Body Image and Self-Esteem

To help young people think and feel positively about their bodies, schools play an important role in creating a school culture that celebrates body diversity. 

New Resource for Educators and Administrators!

School Nutrition TOOLKIT:
How to Create a Supportive Food Environment at School

Find helpful tips, and resources to help increase access to nutritious food and help students form positive relationships with food and their bodies.

View School Nutrition Toolkit

Children and youth who feel good about themselves and their bodies can have a positive body image and self-esteem. Body acceptance can be improved through learning opportunities for the enjoyment of physical activity and eating, combined with supportive social and physical environments.


Source: Hamilton Health Sciences. (2023). Body Image [video]. Retrieved from https://www.hamiltonhealthsciences.ca/back-to-school/body-image/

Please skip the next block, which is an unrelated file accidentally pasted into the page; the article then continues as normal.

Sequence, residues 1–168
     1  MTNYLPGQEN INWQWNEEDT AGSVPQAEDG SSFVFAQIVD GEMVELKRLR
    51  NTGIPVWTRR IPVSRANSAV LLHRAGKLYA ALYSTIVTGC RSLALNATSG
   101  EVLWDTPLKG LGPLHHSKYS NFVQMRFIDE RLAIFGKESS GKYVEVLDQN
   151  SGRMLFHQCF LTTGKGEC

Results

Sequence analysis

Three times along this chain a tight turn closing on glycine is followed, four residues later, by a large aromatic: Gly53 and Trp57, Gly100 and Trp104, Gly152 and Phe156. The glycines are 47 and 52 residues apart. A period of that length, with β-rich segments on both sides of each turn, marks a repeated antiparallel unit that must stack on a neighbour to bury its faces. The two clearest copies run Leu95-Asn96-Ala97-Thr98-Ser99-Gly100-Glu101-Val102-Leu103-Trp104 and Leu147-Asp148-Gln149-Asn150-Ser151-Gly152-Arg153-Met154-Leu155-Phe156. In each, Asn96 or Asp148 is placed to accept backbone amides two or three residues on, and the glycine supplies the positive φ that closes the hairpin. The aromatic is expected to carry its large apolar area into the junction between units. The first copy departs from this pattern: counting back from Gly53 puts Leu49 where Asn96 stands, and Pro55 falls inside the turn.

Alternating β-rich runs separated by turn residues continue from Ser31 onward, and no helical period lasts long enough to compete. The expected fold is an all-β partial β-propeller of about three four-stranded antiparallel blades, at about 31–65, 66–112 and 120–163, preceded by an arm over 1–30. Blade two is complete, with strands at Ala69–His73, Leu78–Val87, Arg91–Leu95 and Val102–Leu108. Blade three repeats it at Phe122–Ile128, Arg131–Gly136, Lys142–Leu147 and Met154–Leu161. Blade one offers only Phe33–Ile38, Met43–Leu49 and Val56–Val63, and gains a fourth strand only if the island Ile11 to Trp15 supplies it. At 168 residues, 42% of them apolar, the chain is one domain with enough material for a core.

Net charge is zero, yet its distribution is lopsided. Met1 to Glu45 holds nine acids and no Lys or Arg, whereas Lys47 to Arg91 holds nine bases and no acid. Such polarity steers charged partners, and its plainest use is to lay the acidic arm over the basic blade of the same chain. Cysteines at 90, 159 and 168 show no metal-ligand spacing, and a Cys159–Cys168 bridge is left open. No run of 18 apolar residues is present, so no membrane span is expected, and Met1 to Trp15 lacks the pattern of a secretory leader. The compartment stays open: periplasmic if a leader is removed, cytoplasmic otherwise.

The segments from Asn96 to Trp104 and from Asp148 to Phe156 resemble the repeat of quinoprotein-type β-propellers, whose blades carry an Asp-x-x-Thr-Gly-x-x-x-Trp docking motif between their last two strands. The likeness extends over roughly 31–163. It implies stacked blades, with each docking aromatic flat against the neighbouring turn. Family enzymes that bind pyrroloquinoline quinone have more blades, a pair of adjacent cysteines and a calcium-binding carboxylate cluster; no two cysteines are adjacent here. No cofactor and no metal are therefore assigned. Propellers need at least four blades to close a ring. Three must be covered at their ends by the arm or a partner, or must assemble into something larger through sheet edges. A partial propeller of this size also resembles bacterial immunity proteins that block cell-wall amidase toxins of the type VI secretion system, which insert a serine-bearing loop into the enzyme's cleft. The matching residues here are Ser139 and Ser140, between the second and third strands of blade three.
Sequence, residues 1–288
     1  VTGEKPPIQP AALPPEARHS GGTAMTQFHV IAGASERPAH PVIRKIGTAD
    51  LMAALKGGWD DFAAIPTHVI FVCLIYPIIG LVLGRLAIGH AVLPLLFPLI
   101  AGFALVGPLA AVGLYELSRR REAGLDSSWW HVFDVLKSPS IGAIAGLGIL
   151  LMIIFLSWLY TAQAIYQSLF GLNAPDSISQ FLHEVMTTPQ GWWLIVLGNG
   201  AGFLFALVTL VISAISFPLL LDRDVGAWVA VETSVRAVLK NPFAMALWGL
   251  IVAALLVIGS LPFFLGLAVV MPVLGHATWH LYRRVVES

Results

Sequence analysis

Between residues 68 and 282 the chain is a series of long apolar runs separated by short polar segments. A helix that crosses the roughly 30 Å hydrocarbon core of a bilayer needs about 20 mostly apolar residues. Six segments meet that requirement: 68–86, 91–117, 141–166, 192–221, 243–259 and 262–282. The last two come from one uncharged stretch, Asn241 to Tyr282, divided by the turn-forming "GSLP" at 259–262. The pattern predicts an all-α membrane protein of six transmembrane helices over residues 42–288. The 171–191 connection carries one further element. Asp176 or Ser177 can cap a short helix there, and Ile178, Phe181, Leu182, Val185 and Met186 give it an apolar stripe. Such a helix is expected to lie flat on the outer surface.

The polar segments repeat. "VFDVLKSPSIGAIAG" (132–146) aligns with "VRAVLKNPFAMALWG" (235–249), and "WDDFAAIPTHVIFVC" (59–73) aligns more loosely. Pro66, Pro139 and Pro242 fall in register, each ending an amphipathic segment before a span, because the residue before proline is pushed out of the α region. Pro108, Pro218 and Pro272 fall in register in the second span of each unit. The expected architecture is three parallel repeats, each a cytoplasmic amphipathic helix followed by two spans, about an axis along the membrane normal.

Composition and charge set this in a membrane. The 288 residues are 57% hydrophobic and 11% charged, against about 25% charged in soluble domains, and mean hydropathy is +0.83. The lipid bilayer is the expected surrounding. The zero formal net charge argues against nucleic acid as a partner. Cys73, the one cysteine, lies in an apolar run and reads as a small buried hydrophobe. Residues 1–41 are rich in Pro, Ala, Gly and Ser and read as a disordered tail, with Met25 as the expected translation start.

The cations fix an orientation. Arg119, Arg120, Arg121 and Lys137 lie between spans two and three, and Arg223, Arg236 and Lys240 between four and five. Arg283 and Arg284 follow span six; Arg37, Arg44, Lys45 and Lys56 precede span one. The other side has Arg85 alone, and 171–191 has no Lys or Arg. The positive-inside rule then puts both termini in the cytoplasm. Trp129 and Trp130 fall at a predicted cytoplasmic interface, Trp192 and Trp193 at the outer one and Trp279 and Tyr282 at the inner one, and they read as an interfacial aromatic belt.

What are positive body image and self-esteem?

Body image refers to how we think and feel about our body. A positive body image means feeling comfortable about our own body and is developed by understanding that healthy bodies come in a variety of weights, shapes, sizes and abilities. A positive body image is linked to positive self-esteem, which means to value and respect ourselves, and to be confident in our personal abilities.  

Why are positive body image and self-esteem important?

When children and youth feel good about themselves and their bodies, it leads to positive physical, social and mental health. It also makes them more confident, more likely to engage in health promoting behaviors, and have better relationships with others.

In 2021, about 46% of Ontario youth in grades 7-12 reported concerns about food, weight, and body image (OSDUHS, 2022). These concerns can lead to disordered eating as people often turn to dieting to try to change their bodies and feel better about themselves. When people do not eat a variety of foods or start missing meals, their physical and mental health can be affected.

How can we build a good relationship with food and our bodies?